Trade war concerns underpin dollar gains
LONDON: The dollar consolidated gains on Wednesday as markets remained cautious about trade talks between the United States and Canada, as protracted weakness in China’s currency weighed on sentiment.
With market appetite for taking risk limited – an Asian equity index is down for the 10th consecutive day and emerging market currencies are falling, led by the Indian rupee – traders sold currencies perceived to be vulnerable from any escalation in the trade conflict.
The Australian dollar led major currencies lower, falling 0.3 percent to $0.7102 and not far from a February 2016 low of $0.7085.
The dollar rose nearly one percent in the past two weeks, taking its gains in the past six months to more than six percent Emerging-market currencies were on the receiving end.
“Emerging market selloff seems to be broadening out and monetary and financial conditions have tightened, not boding well for the growth outlook,” Morgan Stanley strategists said.
Against a basket of its rivals, the dollar was steady at 95.20, close to a three-week high of 95.74 reached last week.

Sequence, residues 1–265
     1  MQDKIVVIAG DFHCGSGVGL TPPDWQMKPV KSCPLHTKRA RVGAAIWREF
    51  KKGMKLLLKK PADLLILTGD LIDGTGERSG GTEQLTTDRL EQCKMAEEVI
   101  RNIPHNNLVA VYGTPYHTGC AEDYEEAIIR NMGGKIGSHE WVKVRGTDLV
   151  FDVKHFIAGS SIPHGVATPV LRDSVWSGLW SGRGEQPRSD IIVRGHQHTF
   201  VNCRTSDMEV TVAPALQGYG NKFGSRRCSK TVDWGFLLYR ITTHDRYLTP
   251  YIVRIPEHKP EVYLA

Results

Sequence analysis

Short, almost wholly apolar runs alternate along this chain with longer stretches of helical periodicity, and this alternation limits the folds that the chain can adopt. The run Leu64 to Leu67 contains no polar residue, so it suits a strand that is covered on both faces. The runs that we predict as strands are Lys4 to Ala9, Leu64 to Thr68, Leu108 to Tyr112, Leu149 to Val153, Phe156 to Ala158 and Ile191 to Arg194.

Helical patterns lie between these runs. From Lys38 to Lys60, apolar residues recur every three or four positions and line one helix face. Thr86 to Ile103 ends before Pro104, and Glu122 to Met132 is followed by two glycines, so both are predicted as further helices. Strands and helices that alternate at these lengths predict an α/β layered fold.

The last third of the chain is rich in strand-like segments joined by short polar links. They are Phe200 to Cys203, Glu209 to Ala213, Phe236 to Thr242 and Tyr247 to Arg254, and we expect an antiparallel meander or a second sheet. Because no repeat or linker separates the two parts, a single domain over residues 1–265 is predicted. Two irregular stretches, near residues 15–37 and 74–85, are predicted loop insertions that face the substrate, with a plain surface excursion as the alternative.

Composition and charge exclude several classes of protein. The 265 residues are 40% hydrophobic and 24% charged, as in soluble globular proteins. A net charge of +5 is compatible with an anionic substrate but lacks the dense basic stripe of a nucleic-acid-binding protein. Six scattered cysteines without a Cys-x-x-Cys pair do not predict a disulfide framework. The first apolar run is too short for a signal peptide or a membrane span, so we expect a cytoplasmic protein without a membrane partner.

Two Canadian sources said overnight Ottawa was ready to offer the United States limited access to the Canadian dairy market as a concession in negotiations to remake the North American Free Trade Agreement.
The Canadian dollar was little changed at $1.3073 per U.S. dollar after rallying nearly three-fourths of a percent late in the U.S. session.
Still, anxiety over the ongoing trade dispute between China and the United States – the world’s two largest economies – kept most investors on edge.
China’s offshore yuan traded 0.1 percent weaker at 6.8857 per dollar after dropping to 6.8888, its lowest in more than two weeks.
An index for emerging-market currencies was near a 16-month low reached during the day before.
“You can’t deny that emerging markets have fallen and that has weighed on sentiment, and that has probably pushed a lot of flows to the U.S. and the dollar,” said Bart Wakabayashi, Tokyo branch manager at State Street Bank.